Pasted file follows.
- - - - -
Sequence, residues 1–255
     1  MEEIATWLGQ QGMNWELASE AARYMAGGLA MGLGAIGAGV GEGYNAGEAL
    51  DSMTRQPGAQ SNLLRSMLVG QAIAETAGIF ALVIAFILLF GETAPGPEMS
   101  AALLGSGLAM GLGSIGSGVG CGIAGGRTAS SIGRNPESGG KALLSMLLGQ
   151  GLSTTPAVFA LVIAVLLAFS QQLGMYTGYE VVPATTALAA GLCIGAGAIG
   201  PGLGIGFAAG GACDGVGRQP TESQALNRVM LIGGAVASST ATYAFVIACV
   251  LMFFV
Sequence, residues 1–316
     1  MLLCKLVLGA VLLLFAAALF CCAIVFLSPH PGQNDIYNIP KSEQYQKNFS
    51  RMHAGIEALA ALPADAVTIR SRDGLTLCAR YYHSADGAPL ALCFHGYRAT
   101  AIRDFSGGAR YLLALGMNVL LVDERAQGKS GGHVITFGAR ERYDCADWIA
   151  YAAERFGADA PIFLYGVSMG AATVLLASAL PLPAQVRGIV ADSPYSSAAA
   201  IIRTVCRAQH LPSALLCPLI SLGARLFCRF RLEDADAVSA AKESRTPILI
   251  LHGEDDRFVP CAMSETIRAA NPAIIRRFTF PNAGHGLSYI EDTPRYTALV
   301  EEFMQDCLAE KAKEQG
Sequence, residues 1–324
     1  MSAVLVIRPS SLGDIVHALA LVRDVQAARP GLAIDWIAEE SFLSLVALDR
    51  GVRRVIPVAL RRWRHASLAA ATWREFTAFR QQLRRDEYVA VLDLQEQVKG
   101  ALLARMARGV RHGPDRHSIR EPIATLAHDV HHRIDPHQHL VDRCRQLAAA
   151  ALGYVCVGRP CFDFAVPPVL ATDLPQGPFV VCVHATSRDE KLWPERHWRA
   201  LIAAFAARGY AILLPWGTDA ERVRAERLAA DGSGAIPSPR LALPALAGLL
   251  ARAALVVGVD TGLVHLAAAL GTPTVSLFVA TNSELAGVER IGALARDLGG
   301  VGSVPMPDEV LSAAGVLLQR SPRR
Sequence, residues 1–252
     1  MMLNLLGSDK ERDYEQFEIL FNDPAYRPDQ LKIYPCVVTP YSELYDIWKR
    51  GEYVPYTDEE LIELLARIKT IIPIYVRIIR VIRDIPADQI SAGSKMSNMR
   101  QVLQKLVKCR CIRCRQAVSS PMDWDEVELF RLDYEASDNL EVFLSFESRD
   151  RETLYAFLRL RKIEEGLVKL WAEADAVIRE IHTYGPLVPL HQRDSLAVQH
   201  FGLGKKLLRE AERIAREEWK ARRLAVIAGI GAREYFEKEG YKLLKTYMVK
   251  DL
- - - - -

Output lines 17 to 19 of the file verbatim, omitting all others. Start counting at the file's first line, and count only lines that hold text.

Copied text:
     1  MSAVLVIRPS SLGDIVHALA LVRDVQAARP GLAIDWIAEE SFLSLVALDR
    51  GVRRVIPVAL RRWRHASLAA ATWREFTAFR QQLRRDEYVA VLDLQEQVKG
   101  ALLARMARGV RHGPDRHSIR EPIATLAHDV HHRIDPHQHL VDRCRQLAAA